Bjork, Lotic, Crampton: An arcane genre | Soundspace

Bjork, Lotic, Crampton: An arcane genre

bjork, soundspace, features, misfit producers, techno, electronica

As we enter the year ahead with fresh optimism and excitement it gives us a chance to reflect on the previous year’s contribution to music.

In 2015 the novelty of EDM began to falter to pave the way for the sub genres of house and techno to reign supreme. We were introduced to an abundance of new artists, instantly engaging in battle with already established names. Some shone, some didn’t.

The fluctuation of EDM is an aspect that is particularly interesting. Electronic music has a trend permanently attached to it, and it’s not necessarily a bad thing. We’re never quite satisfied.

Genres drift in and out of popularity more often than the SeaCat drifts in and out of Belfast. One minute we’re banging on about how rad Hannah Wants is, the next we’re kicking her to the curb and bigging up Recondite. Sounds are constantly evolving, so it’s inevitable our tastes will evolve too.

Apply Darwin’s theory to the electronic music timeline and you’ll arrive at the point I want to talk about. The yearning for something unique, creative and different can never be satisfied, and there is a handful of producers coming to the forefront of a genre that is so abstract it hasn’t even been labelled.

Producers such as Arca, Bjork, Lotic, Elysia Crampton, Rabit and M.E.S.H have entered a genre of enormous curiosity.

The music is drenched in symbolism and rebellion. It looks to cut establishment, and from the wound bleeds pure experimentation.

This music is not for the impatient. It’s almost completely crazy. There are gun shots, there are psychotic rave synths, there’s tribal chanting.

Every song is different. Venezuelan born Alejandro Ghersi, otherwise known as Arca (contributed to Kanye West’s Yeezus sessions), believes the inconclusiveness of the sound they produce represent “things that are taboo or being repressed within us, which we would never admit to ourselves.” This is intimidating, but when was the last time something new and excited wasn’t met with some form of intimidation?

This is very much outcast music. Most producers within it have felt some sort of discrimination. It’s no coincidence that in a year were we shifted towards a more liberal and open minded society that the works within this genre have come to the forefront.

Elysia Crampton is just one example. Being a Bolivian American Trans-woman is something that is always going to be interesting from a cultural, social and musical point of view. She draws her inspiration from a wide range of genres including Peruvian metal, American psychedelic folk and Southern hip hop.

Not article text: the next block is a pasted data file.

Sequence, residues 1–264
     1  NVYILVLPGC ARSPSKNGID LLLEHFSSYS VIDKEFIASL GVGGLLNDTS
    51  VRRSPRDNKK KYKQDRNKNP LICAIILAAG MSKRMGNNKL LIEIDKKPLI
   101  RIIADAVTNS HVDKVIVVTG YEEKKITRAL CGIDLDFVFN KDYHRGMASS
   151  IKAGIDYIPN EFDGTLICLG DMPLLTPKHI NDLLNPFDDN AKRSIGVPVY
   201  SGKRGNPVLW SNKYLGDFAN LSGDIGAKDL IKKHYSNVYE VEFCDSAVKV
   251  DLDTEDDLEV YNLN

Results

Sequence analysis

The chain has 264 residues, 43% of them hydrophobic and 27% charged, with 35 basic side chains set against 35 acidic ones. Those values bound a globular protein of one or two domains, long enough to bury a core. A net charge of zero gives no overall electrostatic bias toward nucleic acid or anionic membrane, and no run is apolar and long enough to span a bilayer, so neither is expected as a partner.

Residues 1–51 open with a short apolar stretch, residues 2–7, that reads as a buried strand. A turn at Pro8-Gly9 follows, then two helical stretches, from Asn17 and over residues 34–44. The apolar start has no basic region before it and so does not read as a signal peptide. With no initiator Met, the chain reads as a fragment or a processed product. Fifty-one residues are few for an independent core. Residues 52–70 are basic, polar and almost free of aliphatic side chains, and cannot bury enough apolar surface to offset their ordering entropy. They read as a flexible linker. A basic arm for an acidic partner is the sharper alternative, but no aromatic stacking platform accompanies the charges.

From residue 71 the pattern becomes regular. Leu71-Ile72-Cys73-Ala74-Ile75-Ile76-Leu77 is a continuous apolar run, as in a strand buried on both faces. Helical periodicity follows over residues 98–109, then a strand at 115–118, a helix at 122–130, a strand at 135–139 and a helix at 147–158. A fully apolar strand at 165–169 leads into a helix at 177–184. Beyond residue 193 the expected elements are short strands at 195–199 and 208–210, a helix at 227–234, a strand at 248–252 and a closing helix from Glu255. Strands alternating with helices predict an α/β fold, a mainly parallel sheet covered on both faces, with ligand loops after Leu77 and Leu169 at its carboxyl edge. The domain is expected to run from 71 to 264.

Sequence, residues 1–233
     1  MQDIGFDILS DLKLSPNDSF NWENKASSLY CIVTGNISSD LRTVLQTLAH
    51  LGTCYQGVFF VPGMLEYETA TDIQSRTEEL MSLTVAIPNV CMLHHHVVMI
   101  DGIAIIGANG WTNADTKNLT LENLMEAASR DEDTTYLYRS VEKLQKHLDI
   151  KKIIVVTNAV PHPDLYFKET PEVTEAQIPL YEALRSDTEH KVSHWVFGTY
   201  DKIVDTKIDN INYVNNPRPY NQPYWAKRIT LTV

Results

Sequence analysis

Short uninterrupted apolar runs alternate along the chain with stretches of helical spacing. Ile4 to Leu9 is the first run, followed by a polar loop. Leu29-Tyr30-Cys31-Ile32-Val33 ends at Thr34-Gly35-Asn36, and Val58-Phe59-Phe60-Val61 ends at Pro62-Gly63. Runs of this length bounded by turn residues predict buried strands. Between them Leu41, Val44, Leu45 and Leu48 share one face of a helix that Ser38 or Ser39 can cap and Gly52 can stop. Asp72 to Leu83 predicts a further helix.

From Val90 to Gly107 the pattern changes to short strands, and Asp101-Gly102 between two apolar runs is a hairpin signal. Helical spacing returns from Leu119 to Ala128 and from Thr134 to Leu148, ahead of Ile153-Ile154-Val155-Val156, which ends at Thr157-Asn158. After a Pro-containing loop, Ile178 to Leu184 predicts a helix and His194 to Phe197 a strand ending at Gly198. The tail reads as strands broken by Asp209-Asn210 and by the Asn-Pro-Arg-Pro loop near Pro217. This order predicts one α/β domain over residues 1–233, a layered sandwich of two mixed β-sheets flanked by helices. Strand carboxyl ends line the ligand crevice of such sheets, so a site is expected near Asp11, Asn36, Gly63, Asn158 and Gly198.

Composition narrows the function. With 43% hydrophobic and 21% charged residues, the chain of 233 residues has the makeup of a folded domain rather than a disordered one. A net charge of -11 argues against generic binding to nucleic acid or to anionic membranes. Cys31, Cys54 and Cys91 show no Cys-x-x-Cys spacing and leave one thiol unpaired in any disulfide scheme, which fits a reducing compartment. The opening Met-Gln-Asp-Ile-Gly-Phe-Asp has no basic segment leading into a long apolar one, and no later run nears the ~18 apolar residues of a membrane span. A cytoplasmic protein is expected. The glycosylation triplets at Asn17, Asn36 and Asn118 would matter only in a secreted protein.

Her music is a symbolic journey. Journey is a term most often associated with the more ambient sub genres of techno, however, Cramptons production aims to take you on a cultural and historical trip as opposed to one of your own imagination.

She describes her latest work as “a concept study that follows Virginian American history, exploring browness as more than a culture or Othering, as geology. As mud, dirt and mineral, enmeshed in lithic, vast time scales.” The perspective was inspired by theorist Jose E. Munoz and displays a reading of the “narratives that underlie Pan-American history and culture.”

While Crampton relies on historical elements for inspiration, Lotic is a producer who is influenced by personal feeling and experience. Hailing from Texas originally, Lotic explains that his latest piece of work (Agitations) was “born out of the frustrations that come with touring, playing mainly festivals in Europe and feeling increasingly out of touch with club culture and the music industry in general.”

Lotics music has been greeted with more warmth than other producers within this ambiguous genre, however, throughout his work you can quite literally hear his distaste for club culture. The constant, irregular movement makes it uncomfortable for a lot of club goers.

Human sounds are completely stripped down to chants, moans and screams as opposed to familiar and overused phrases. It’s refusal to conform to such quick pleasures is something to be admired, you’re never allowed to switch into an auto pilot state.

Bjork is arguably the most successful of all the artists previously mentioned. The Icelandic singer/songwriter/producer remains impossible to pigeonhole. Her style of sound ranges from experimental electronic to orchestra dominated classical pieces.

Bjork has sampling down to a fine art, and does to shy away from using every day sounds. On the track ‘Cvalda’ she implements machine, factory like sounds alongside Bjork’s very own stange, haunting vocals. Every track is an exploration of diversity.

I must admit, this latest development in electronic music is not for everyone. That’s not to say there’s something wrong with you if you don’t like it, everyone has their own individual tastes, however, what these producers are doing must be respected.

Flick through the history books of any musical genre and there are chapters upon chapters of artists that created music so ahead of their time the present day listeners couldn’t possibly comprehend it.

808’s and Heartbreak is but one example of an album that was criticised massively by the general public, yet when we look at artists today so many have adopted that style of alternative R&B that Kanye created. The same thing may just be happening here.

Electronica is an ecosystem. These pieces of music take a living, breathing form, constantly shifting and evolving.  I for one cannot wait to see the next product of this metaphoric movement.


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